"It travels above insurgent positions and sends real-time video images to Marines on the ground. The unmanned device can relay facial expressions on enemy soldiers, and can transmit in such detail that it shows steam rising from their coffee.
The 4-foot-long aircraft has a 10-foot wingspan and can fly up to 15 hours at a time on less than two gallons of fuel, Boeing officials said.
Unmanned aircraft such as ScanEagle are expected to play an increasing role in future battles because the Pentagon (news - web sites) sees the planes as an integral part of combat missions. Weapon systems are in the works that will share a common operating language so soldiers, ships, submarines, planes and satellites can share information in a battlefield network. "
Yahoo! News - Marines Aided by Robotic Airplane in Iraq
Monday, November 29, 2004
"Yesterday, one platoon of the Light Armored Reconnaissance company discovered a control center that could explode at least eight improvised explosive devices, the kind of roadside bombs that have inflicted large numbers of deaths across Iraq. The control center was set inside a normal building, with a wide horizon view of the main highway that cuts through the city. Each IED was labeled, and the operator had only to touch the copper wire for the battery to set off the explosive."
On Saturday the 1st Battalion, 8th Marines engaged in a serious battle in the south of Fallujah that killed two Marines and wounded several others. As the fight continued, Marines estimated that they had killed 34 insurgents and captured another 23, at least 10 of whom were foreign fighters.
Also Saturday, Bravo company of the 1st Battalion, 3rd Marines, found two vast weapons caches in the northeast of the city, which is considered to be the most "cleaned" so far, and therefore the most likely to see the earliest return of civilians.
"We've been through half the doors. It's a necessary but laborious process going on," says Col. Craig Tucker, commander of the Regimental Combat Team-7, one of two regiments active in Fallujah. "We'll go through every house in this city. We'll bring back people by sectors, but we don't want to bring people back while we are still finding 100 105 mm (artillery) rounds in a single house."
Honolulu Star-Bulletin Hawaii News
Sunday, November 28, 2004
Point man Lance Cpl. Richard Caseras entered with his team and ran into the spray of an insurgent's AK-47 assault rifle. A second fighter then emerged, a pineapple grenade in each hand, with pins already pulled.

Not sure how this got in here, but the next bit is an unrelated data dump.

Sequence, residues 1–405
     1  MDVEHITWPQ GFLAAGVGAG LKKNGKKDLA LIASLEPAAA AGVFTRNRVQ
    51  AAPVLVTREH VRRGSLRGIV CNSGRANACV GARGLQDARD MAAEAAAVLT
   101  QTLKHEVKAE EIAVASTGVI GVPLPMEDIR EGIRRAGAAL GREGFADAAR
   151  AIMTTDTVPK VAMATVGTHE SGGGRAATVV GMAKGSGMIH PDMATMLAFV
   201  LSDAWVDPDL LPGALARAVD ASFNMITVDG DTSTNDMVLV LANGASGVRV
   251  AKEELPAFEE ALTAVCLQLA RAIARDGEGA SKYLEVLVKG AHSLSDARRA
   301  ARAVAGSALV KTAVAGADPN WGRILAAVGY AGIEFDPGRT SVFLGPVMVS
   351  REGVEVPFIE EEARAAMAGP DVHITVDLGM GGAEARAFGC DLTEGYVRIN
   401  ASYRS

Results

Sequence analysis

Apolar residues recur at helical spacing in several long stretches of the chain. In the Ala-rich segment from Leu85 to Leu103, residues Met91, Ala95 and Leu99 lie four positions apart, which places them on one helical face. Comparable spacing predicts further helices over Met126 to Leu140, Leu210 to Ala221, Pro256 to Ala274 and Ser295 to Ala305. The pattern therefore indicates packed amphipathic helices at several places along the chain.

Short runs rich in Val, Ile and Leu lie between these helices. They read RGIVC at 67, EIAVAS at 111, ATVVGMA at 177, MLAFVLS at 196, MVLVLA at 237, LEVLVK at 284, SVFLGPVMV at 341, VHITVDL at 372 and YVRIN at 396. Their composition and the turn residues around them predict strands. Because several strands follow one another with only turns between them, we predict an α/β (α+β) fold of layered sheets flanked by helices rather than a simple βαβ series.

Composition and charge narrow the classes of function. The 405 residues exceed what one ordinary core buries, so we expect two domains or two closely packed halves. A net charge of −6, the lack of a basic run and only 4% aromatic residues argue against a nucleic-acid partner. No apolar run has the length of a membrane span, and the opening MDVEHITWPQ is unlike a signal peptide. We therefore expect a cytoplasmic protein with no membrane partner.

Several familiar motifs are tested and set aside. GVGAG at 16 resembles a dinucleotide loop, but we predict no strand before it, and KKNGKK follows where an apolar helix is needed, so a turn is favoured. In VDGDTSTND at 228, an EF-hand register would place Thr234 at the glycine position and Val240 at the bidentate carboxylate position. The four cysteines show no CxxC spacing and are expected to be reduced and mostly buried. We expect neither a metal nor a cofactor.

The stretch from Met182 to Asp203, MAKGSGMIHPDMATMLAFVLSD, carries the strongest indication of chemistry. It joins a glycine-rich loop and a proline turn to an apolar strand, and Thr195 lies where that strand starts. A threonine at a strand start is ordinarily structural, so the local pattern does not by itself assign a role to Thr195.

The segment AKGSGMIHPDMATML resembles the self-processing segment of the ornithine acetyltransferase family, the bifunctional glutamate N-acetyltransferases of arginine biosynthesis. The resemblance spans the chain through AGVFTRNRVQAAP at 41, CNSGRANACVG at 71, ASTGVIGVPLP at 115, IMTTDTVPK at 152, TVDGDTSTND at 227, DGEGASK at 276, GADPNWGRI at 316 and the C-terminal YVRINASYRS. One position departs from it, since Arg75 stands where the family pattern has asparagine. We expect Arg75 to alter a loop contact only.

Eyeball to eyeball with their opponents, the Marines shot them both dead; the grenades fell to the ground and exploded, blasting the Americans with shrapnel.
In the eerie light of the roaring flames, the wounded men were dragged back out to the street while Marines targeted the house with steady gunfire.
As the shooting lit the battle space with muzzle flashes and noise, a lone U.S. Navy medical corpsman jumped out to gather the wounded. This correspondent moved to help, joining in to pull the three injured men into the vehicle by their flak jackets.
"I'm so sorry! I should have used the frag(mentation) grenade and not my M-16 (rifle)," Caseras yelled to his fallen comrades as the vehicle raced toward a combat hospital at Camp Fallujah. Lance Cpl. Nathan Douglass was peppered with shrapnel. Also prone in the back of the armored vehicle, on crates full of ammunition and explosives, lay Cpl. Catcher Cuts the Rope (his American Indian name), with a tourniquet above his knee; grenade shards hit his shoulder and hands.
"Don't worry," Douglass, from Hillsboro, Ore., said consolingly. "We shot so much into that house. There shouldn't have been anybody left."
The final blow came with heavy fire from an AC-130 Spectre gunship, which destroyed four houses used by the insurgents with 40 Howitzer shells.
The toll from a brutal night: one dead Marine and nine wounded, including this correspondent, who was struck in the arm by a small piece of shrapnel.
The firefight brings the casualty rate in the Light Armored Reconnaissance Company to one man in five -- far less than the 60 percent reached during the battle for Vietnam's Hue City in 1968, the last urban assault waged by U.S. Marines before Fallujah, but far higher than most modern combat operations.